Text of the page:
The intellectual’s reading list

July 26,2018

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Libraries, diaries and letters are some of the basic tools that can help us understand the ideas and perceptions of philosophers, literary writers and artists. The books that they read are a suitable means to gauge their interests and determine the list of authors that they regularly referred to.

In the case of Karl Marx, we can examine the biographies written on his life to understand how the work of other writers contributed to his own philosophy. Marx was a voracious reader. If he wanted to understand the work of any philosopher and writer, Marx would read all his books and then formed a judgment about his intellectual status. When he wanted to learn about Hegel’s philosophy, he confined himself to a room and immersed himself in his books. After reading Hegel’s work, he came out of his room and announced to his friends that he was now a Hegelian.

He also visited various libraries in Paris and read books on history and politics — especially those on the French Revolution. Soon after this, he expressed his opinion on the failure of the revolution. When he was in London, he spent most of his time in the British Museum collecting material for ‘Das Kapital’. The book not only contains details on economics, but also includes references to literary writers like Shakespeare and Balzac, alludes to reports published by the British government, and offers insights from sociologists and anthropologists. This entire process of learning shows his erudition as well as the originality of his thoughts.

A Canadian scholar has recently conducted research on the personal library of Karl Marx. After completing his exhaustive research, the scholar pointed out that whenever Marx would read any book, he underlined passages that he thought were important and wrote critical remarks in the margins. Once he completed reading a book, it couldn’t be used by anyone else because there were countless notes on every page of the book.

The other example is that of Nietzsche, a German philosopher whose library contained nearly 2,000 books. From his letters, we can determine which philosophers helped him cultivate his philosophy. He refers to Plato, Emerson and Schopenhauer in his letter. Nietzsche once told his friends that he had accidentally come across Schopenhauer’s book ‘The World as Will and Idea’ and purchased it. After reading the book, he was deeply influenced by Schopenhauer’s philosophy.

When he was teaching philology at Basel University, Switzerland, Nietzsche developed a close friendship with Jacob Burckhardt, who taught history at the varsity. He regularly attended his lectures and was heavily influenced by him. After resigning from the university, Nietzsche continued to send his books to the professor to obtain feedback. However, Burckhardt became somewhat disillusioned with Nietzsche’s work and stopped responding to his letters. Nietzsche was disappointed by his cold attitude as he had great respect for Burckhardt and valued his insights and suggestions. This anecdote offers a lens through which we can assess the evolutionary process of Nietzsche’s ideas and philosophical leanings. Nietzsche disliked going to libraries. According to the German philosopher, too much reading spoils the originality of thoughts. There is perhaps some truth in his perception because Sigmund Freud stopped reading Nietzsche as he feared that the originality of his own thoughts would be damaged by the former’s philosophy.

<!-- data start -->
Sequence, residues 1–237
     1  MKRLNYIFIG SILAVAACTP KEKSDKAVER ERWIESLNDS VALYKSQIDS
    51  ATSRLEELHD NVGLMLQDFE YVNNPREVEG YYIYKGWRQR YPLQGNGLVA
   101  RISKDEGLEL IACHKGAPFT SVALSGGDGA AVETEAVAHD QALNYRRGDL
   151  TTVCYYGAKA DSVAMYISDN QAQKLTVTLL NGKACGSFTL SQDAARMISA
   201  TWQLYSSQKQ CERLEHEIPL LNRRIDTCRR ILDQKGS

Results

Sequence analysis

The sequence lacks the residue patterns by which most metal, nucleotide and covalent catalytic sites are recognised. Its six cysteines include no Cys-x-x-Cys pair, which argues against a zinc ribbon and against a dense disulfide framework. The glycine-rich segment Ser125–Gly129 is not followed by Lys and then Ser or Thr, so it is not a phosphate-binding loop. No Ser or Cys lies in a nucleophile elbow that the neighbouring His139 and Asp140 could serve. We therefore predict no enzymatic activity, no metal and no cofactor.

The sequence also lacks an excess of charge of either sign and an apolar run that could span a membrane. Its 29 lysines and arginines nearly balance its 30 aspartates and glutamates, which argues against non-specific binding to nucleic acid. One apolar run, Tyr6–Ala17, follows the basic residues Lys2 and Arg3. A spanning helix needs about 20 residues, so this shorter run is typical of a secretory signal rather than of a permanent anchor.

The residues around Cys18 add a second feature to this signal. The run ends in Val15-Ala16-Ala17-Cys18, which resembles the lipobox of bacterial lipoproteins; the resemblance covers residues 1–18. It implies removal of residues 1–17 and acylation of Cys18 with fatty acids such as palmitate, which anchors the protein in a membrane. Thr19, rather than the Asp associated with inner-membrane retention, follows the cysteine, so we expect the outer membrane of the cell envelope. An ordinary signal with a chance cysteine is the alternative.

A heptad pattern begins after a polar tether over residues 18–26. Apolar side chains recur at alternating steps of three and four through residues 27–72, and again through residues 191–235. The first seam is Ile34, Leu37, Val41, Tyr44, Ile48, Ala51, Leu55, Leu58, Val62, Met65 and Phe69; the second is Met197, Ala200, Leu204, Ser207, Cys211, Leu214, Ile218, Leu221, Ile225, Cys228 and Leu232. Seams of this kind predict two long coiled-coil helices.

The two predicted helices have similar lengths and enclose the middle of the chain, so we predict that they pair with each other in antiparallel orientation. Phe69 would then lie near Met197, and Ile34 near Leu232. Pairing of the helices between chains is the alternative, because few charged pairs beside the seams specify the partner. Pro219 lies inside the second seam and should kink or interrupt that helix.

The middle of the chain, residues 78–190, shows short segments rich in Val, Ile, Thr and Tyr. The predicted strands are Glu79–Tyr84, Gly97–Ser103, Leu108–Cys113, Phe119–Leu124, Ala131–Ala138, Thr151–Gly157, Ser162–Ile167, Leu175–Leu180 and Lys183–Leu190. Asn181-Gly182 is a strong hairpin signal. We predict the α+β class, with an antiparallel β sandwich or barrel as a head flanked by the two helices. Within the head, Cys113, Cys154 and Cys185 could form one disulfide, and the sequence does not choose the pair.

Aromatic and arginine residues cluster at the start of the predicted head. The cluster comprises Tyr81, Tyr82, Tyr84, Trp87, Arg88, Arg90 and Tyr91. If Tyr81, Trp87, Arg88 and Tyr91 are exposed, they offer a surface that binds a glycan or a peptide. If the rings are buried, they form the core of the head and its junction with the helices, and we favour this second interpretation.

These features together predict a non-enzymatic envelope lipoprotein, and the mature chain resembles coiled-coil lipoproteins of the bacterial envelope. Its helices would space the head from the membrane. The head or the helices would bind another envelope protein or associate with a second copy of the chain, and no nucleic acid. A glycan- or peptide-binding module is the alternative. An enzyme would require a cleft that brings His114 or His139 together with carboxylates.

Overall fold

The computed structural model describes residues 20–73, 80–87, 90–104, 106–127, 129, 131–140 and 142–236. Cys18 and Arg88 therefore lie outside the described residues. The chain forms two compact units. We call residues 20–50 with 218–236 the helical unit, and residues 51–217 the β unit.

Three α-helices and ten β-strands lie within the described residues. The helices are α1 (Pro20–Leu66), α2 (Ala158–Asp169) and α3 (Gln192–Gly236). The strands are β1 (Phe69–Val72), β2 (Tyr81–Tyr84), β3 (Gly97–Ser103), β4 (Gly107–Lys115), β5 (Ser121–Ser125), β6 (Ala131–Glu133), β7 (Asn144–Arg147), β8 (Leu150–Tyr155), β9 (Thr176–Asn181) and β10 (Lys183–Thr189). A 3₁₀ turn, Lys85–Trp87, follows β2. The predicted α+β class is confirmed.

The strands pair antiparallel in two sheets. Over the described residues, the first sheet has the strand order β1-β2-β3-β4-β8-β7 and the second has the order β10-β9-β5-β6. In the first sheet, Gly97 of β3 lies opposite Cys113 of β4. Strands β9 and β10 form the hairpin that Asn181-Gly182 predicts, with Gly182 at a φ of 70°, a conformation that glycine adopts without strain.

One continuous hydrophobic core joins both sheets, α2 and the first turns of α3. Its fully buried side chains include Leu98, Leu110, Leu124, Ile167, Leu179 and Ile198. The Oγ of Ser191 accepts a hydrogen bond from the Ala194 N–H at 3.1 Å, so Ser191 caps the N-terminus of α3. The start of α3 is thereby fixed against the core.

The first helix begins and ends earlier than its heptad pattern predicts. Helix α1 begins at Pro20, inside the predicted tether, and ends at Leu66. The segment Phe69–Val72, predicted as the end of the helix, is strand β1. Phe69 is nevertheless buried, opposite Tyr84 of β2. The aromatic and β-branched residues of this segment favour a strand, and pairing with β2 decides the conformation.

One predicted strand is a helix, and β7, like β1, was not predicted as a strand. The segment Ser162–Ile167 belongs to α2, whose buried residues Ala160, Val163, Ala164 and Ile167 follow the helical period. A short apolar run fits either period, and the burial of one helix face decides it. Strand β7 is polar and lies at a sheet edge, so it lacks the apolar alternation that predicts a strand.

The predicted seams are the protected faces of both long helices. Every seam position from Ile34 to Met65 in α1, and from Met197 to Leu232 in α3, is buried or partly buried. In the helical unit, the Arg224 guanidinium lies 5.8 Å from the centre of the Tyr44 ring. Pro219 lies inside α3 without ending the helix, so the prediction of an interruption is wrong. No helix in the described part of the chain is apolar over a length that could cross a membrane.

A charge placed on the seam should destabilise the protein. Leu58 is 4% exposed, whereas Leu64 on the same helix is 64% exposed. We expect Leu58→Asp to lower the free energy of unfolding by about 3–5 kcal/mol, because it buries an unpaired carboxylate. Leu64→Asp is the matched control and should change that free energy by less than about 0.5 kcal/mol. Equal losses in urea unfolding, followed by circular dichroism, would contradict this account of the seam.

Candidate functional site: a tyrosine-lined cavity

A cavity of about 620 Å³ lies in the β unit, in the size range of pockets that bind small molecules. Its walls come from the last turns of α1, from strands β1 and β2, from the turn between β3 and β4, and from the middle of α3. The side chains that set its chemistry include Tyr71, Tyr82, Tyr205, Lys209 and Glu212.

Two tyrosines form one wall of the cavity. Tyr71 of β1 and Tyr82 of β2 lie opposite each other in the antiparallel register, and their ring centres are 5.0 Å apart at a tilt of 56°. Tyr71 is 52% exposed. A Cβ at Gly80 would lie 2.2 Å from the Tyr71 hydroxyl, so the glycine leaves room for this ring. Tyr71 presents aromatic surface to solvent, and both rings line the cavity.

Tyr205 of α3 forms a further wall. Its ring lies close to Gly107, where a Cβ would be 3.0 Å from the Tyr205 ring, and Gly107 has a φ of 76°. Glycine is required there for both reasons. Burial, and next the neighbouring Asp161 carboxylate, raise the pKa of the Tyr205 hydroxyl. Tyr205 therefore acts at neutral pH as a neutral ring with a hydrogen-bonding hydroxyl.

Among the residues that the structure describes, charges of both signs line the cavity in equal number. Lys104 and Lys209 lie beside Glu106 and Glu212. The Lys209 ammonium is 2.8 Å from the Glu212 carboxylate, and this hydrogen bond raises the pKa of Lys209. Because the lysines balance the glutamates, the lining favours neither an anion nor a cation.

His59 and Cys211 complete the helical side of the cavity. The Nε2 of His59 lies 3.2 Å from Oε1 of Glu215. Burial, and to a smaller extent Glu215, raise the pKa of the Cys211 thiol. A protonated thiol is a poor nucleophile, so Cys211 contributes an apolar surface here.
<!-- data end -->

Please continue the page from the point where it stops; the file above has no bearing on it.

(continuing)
In the final years of his life, when Nietzsche was mentally ill and spent his time in the boarding houses of Italy, he would tells listeners that very few people were reading his books in his lifetime and his philosophy wasn’t noticed as much. However, he predicted that his books would be widely read in all colleges and universities of Europe in the next century. With time, his prediction came true and he was recognised as the greatest philosopher of the West. This compels us to ask whether reading too much can become a hindrance to producing original ideas. It is widely believed that nobody can produce any idea or thought without borrowing insights from other scholars, observing his/her own environment, and experiencing worldly affairs.

An empty mind isn’t in a position to create or innovate something new. The only difference is that an original thinker interprets borrowed ideas in a fresh manner and makes them relevant to his/her time. There is also a pressing need to conduct research on the libraries of our intellectuals in order to determine what books they read and find out more about the authors who inspired them to develop their ideas. This will also help us analyse the extent to which these great minds borrowed ideas and allow us to assess how much of their work is original.

Libraries are the best means of understanding an intellectual and the motivations that go into his/her work. In some cases, writers borrow the ideas from other scholars without providing any due acknowledgements or credits. This research will serve to discourage those who have plagiarised the ideas of others.

The writer is a veteran historian and scholar.


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